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Taiwan People's News: International ‘first dawn’ after Taiwan’s rebirth

Friday, March 4, 2016

Taiwan People's News
2016-02-22 13:20
Yang Xianhong

Translated and edited by: China Aid

■ The general election in Taiwan on January 16 has a meaning of “a new lease of life” and really brings a great deal of change. Leaders of many countries view Taiwan in a new light. They, in addition to having deep feelings regarding Taiwan’s political innovation due to the entire population’s drive, still maintain that Taiwan’s future will, in this area, give rise to a “lighthouse effect.” From February 18–20, three consecutive days, the first meeting of Asia Pacific Religious Freedom Forum after its founding was held in the Sunrise Country Club in Yangmei, Taoyuan. It is the most representative [aspect] of this new atmosphere.

The conference was collaboratively initiated by the American [organization] China Aid Association, Freedom House, the Heritage Foundation, the Lantos Foundation and Taiwan Association for China Human Rights. The purpose of this forum is to make known that different believers can respect each other and mutually collaborate, striving for the world’s peace and freedom. Religious freedom is the first freedom. This phrase was the leading principle emphasized by this conference. Human society has come to today’s crossroads; the problem of unstable hearts has appeared everywhere. Many wars are due to different believers being unable to tolerate each other, which still wreak havoc to this day. Much oppression and persecution is also due to those in power who can’t tolerate people who have different beliefs within their territory. Such persecution still occurs in each corner of the world every day.

This is an international conference of high universal value. It can be held in Taiwan, which represents that Taiwan has already obtained international recognition in the area of democratic freedom and human rights and rule of law. Over the past two years, in the course of preparation, there really were considerations given to the change that the outcome of Taiwan’s general election [would instigate], due to Taiwan’s local political party being in office in addition to the train of thought that elected Chairman Tsai Ing-wen as president. All [of these things] were thought about during the work units’ proposal of this conference. Yet, under the [current] circumstances of the election’s results having already been made clear, there was significance in Taiwan being proclaimed a “Star of Freedom” because the Asia Pacific Religious Freedom Forum took the initiative to appear.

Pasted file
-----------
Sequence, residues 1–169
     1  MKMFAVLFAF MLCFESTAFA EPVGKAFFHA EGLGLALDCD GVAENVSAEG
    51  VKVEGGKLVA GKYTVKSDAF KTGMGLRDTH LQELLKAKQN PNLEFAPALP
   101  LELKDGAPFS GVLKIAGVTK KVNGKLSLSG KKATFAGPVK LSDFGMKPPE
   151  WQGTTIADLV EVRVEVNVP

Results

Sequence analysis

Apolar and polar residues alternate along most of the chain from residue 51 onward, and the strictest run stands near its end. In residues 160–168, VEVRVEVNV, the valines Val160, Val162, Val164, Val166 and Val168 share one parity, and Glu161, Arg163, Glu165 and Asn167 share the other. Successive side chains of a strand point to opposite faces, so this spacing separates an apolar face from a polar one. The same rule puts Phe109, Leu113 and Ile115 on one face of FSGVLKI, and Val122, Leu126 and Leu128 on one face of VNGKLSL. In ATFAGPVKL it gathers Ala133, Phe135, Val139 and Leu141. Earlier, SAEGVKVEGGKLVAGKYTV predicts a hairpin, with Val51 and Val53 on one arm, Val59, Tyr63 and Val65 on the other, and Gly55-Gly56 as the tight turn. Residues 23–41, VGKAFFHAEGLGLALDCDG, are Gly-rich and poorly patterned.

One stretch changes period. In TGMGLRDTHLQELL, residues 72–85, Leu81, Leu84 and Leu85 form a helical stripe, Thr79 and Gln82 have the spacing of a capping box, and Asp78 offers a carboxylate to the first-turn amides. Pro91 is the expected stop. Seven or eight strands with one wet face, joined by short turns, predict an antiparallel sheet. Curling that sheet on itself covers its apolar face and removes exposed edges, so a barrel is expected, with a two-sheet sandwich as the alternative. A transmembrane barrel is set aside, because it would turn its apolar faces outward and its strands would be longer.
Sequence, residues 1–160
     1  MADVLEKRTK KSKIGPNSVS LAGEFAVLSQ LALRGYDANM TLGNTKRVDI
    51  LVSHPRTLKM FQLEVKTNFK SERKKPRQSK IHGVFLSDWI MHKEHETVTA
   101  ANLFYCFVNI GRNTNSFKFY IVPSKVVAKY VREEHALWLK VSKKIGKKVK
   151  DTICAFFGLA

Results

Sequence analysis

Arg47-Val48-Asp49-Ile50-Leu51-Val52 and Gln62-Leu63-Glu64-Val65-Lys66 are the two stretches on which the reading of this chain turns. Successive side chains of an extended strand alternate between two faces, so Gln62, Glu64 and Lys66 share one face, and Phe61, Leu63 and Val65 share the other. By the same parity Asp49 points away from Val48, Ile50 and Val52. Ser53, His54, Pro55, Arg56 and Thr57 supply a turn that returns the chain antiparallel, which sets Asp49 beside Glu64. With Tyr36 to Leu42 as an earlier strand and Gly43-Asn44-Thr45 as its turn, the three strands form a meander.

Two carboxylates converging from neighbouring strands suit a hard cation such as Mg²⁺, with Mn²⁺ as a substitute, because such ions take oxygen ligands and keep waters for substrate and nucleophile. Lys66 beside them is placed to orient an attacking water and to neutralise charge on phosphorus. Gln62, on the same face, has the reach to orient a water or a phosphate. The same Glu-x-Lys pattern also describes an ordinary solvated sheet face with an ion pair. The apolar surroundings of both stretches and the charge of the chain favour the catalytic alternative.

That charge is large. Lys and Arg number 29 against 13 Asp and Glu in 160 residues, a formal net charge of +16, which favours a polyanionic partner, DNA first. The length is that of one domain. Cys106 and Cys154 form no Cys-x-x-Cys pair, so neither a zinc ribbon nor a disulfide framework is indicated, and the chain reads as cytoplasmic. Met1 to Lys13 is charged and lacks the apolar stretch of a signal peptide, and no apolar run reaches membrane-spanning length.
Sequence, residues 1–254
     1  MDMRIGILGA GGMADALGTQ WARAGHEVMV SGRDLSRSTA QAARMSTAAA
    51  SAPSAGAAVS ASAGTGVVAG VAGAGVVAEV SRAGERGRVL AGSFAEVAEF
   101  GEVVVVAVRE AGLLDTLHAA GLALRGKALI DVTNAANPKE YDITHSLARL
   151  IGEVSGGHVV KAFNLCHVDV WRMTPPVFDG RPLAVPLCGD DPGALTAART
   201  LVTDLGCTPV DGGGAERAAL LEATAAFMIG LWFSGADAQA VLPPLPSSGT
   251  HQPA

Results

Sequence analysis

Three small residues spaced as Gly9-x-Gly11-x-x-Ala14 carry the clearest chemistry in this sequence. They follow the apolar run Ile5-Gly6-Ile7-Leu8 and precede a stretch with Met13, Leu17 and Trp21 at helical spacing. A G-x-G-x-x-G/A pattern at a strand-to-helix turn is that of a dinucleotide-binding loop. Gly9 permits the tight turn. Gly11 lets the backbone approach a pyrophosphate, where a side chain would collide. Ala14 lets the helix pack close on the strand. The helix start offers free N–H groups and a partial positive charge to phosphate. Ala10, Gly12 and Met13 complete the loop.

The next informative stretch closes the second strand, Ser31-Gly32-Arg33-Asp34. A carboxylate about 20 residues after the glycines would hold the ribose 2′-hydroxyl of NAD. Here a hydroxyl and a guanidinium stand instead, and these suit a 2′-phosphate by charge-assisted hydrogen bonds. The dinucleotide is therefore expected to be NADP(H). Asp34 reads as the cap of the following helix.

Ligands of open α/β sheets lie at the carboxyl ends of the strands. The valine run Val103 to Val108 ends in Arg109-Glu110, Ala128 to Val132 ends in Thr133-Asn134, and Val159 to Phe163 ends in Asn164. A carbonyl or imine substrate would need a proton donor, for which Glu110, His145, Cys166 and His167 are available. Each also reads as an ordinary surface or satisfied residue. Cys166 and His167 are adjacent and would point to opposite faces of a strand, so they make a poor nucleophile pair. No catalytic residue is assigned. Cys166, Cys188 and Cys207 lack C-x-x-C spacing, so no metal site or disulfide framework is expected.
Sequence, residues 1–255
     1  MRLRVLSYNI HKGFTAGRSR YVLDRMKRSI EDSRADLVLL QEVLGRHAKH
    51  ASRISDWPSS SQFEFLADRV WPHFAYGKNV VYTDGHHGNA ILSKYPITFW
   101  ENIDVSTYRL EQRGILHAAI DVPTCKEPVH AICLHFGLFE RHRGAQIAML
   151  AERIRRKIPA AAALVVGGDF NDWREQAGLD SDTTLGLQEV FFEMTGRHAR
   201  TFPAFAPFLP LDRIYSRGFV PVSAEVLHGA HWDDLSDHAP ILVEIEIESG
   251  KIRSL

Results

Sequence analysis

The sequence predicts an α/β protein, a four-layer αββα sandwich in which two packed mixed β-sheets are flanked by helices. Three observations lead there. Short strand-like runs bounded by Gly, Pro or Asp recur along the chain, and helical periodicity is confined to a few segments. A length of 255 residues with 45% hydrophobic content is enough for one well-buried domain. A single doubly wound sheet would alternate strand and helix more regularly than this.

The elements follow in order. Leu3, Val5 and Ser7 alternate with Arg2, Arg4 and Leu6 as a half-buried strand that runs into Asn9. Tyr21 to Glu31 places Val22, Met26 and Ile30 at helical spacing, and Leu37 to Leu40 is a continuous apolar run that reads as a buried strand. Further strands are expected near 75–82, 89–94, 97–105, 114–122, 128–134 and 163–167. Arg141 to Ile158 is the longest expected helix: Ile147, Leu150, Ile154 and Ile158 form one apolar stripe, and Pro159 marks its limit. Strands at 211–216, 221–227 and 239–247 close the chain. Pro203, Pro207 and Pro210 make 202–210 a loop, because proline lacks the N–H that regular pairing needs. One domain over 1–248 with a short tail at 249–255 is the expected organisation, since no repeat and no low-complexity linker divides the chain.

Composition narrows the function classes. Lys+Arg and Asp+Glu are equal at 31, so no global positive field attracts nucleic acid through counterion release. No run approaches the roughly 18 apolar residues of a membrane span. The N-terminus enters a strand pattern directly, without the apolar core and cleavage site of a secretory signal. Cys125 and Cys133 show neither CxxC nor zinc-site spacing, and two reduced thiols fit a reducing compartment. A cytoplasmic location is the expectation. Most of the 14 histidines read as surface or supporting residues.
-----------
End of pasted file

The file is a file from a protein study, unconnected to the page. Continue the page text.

The invited international figures include politicians, religious and civil society organizations, up to 100 people, from 26 countries. Besides all Asian countries being represented, there were also members of Congress and international religious leaders from the European Union, Scandinavian [countries] (Norway, Sweden), Israel, Italy, Indonesia, Lithuania, Pakistan and other countries. The pope also sent representatives to participate in the conference. The U.S. State Department Religious Affairs Committee director and the people in charge of well-known NGOs [such as] the Lantos Foundation, the Heritage and Freedom House all personally attend the forum, [making it] an unprecedented grand occasion.